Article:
Bill to protect businesses from COVID-19 lawsuits passed in Missouri Senate

Missouri

JEFFERSON CITY, Mo. – The Missouri Senate passed a bill Tuesday to stop lawsuits targeting businesses over alleged COVID-19 exposure. However, that won’t happen as fast as some lawmakers were hoping.

Senators approved the COVID Liability Protection Bill Tuesday morning, 20-13. Four Republican Senators voted against the bill, along with 9 of the 10 Democrats, Sen. Barbra Washington (D-Kansas City) voted absent. Earlier this month the Senate spent 15 hours debating the legislation.

The measure also protects health care providers and manufacturers from being sued for being held liable for COVID-19 exposure.

Senators failed to put the bill immediately in to affect. The emergency clause added to the measure needed two-thirds majority vote to pass but was short five votes. Without the clause, the bill would not go into effect until the end of August, pending the approval of the House and governor. 

Twenty-three other states have already approved something similar. The bill’s sponsor says it will protect those who are following guidelines.

“Affords protection to small businesses, schools, and churches against lawsuits for someone allegedly contracting COVID-19 on their premises,” said State Sen. Tony Luetkemeyer (R-Parkville). “Restaurants and shops have been economically crippled due to economic shutdowns, small businesses are struggling to stay open, and some may not survive the crushing hit of COVID-19 lawsuits.”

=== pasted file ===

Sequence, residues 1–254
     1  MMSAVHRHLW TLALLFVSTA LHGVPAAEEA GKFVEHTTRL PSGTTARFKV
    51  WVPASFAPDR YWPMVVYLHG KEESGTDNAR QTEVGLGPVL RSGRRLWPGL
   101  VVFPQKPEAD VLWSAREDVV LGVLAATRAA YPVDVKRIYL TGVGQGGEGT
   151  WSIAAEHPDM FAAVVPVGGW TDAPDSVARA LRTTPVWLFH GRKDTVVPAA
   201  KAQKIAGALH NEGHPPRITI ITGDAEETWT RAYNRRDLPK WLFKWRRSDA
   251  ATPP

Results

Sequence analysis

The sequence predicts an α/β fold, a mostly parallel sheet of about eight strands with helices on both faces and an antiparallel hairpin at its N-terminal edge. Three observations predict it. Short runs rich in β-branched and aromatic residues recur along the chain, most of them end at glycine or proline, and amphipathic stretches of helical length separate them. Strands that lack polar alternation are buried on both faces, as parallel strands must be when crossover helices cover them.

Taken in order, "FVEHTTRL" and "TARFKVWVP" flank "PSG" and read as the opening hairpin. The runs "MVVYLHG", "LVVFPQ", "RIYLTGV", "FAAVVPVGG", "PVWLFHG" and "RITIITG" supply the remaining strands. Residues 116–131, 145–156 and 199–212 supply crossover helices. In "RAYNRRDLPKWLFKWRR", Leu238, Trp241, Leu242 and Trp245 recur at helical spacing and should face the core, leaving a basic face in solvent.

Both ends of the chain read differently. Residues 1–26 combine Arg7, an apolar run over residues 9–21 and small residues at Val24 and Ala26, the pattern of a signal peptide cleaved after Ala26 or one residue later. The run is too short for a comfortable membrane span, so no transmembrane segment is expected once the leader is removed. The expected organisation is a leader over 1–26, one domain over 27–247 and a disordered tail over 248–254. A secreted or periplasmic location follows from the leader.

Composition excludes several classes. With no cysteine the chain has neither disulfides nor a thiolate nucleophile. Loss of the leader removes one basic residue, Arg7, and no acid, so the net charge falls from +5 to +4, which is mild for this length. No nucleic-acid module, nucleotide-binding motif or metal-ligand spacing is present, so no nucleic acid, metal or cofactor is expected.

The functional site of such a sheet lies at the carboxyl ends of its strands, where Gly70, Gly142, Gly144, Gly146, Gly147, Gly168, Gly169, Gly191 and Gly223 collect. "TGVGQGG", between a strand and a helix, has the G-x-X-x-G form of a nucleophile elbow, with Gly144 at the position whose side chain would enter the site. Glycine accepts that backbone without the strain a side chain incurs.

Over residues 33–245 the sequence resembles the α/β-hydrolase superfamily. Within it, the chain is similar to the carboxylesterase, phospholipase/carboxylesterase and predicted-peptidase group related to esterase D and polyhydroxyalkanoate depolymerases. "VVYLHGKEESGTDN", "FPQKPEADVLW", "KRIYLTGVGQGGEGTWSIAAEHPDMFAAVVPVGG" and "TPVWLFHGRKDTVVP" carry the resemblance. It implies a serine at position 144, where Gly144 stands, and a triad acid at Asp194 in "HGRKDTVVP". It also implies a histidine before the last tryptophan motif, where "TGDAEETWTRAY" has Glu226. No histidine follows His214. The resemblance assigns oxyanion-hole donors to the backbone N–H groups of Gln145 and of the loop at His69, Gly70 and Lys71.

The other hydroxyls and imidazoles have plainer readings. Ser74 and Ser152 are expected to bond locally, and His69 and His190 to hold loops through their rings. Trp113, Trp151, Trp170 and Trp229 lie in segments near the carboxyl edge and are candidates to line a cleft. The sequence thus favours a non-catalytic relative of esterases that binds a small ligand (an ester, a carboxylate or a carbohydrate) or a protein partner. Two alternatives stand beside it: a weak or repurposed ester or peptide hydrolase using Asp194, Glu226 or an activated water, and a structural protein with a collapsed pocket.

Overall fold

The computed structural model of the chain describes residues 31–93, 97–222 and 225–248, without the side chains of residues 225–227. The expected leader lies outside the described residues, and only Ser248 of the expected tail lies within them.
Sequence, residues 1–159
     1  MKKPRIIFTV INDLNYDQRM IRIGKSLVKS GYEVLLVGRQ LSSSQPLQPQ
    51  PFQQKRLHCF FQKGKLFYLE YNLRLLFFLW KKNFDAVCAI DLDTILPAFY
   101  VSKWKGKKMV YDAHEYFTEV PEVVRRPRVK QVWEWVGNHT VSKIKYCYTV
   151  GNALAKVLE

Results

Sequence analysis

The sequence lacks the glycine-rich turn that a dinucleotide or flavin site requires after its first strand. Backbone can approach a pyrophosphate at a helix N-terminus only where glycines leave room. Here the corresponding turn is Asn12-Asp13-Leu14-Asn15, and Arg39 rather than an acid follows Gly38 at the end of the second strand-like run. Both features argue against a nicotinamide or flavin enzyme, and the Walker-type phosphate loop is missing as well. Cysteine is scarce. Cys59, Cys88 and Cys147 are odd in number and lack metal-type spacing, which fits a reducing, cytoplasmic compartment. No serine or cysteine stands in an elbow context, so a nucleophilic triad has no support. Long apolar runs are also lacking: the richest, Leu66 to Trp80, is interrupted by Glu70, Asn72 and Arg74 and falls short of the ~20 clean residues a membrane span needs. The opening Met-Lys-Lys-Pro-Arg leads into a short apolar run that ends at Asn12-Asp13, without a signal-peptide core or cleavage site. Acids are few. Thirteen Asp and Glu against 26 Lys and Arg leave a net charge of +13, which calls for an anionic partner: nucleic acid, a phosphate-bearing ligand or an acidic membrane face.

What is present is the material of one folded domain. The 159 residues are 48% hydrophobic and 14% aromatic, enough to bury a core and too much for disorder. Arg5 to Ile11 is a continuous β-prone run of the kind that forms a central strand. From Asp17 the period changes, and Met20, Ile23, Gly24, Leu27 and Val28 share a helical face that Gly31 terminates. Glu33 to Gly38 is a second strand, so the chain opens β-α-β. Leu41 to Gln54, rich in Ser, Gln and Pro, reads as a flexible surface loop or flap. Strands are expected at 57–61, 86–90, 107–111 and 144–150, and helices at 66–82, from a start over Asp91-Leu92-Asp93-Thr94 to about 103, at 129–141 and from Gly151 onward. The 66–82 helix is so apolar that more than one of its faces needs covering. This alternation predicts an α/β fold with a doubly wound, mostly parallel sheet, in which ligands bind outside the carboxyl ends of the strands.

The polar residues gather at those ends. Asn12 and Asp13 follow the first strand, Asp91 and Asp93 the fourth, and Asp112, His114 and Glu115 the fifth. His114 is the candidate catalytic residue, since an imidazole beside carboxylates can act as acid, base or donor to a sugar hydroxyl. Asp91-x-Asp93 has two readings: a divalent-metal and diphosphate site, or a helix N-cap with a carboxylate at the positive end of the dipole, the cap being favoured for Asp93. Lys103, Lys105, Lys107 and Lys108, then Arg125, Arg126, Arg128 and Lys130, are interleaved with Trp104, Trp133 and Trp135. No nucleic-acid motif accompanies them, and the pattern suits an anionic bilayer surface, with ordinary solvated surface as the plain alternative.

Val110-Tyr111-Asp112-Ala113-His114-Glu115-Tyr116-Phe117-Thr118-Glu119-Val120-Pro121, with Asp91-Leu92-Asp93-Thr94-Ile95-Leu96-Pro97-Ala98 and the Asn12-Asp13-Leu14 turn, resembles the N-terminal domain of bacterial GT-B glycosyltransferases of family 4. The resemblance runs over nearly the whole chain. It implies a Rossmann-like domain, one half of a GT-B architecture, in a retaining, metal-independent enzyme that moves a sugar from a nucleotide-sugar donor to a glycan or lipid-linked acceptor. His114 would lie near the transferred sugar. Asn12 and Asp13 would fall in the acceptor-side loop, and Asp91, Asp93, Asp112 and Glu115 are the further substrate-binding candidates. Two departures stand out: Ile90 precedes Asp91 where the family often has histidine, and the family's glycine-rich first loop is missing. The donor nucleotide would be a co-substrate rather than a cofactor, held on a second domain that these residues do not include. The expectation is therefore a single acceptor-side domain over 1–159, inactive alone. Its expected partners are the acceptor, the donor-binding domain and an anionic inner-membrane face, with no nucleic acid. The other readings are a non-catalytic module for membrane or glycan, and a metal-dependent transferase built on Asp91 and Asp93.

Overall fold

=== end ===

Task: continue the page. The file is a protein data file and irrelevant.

Senate Bill 51 protects some businesses from being liable for COVID exposure, unless a plaintiff says the entity did not follow the guidelines and caused the exposure. Under the legislation, people have two years to file a lawsuit regarding alleged exposure at a business. 

The Missouri Chamber of Commerce and Industry said “more than 1,000 COVID-19 lawsuits have been filed against employers across the nation.”

The legislation heads to the House of Representatives for approval.

Gov. Mike Parson said during his State of the State that COVID liability was the first legislation he wanted on his desk from lawmakers.

“I hope the first piece of legislation to hit my desk this is a clean COVID-19 liability protection bill,” Parson said. “Missouri businesses, manufacturers, health care providers, schools, churches, and many other entities across the state did not hesitate to step up and help their communities in the fight against COVID-19. None of these groups should be penalized for their efforts to help.”

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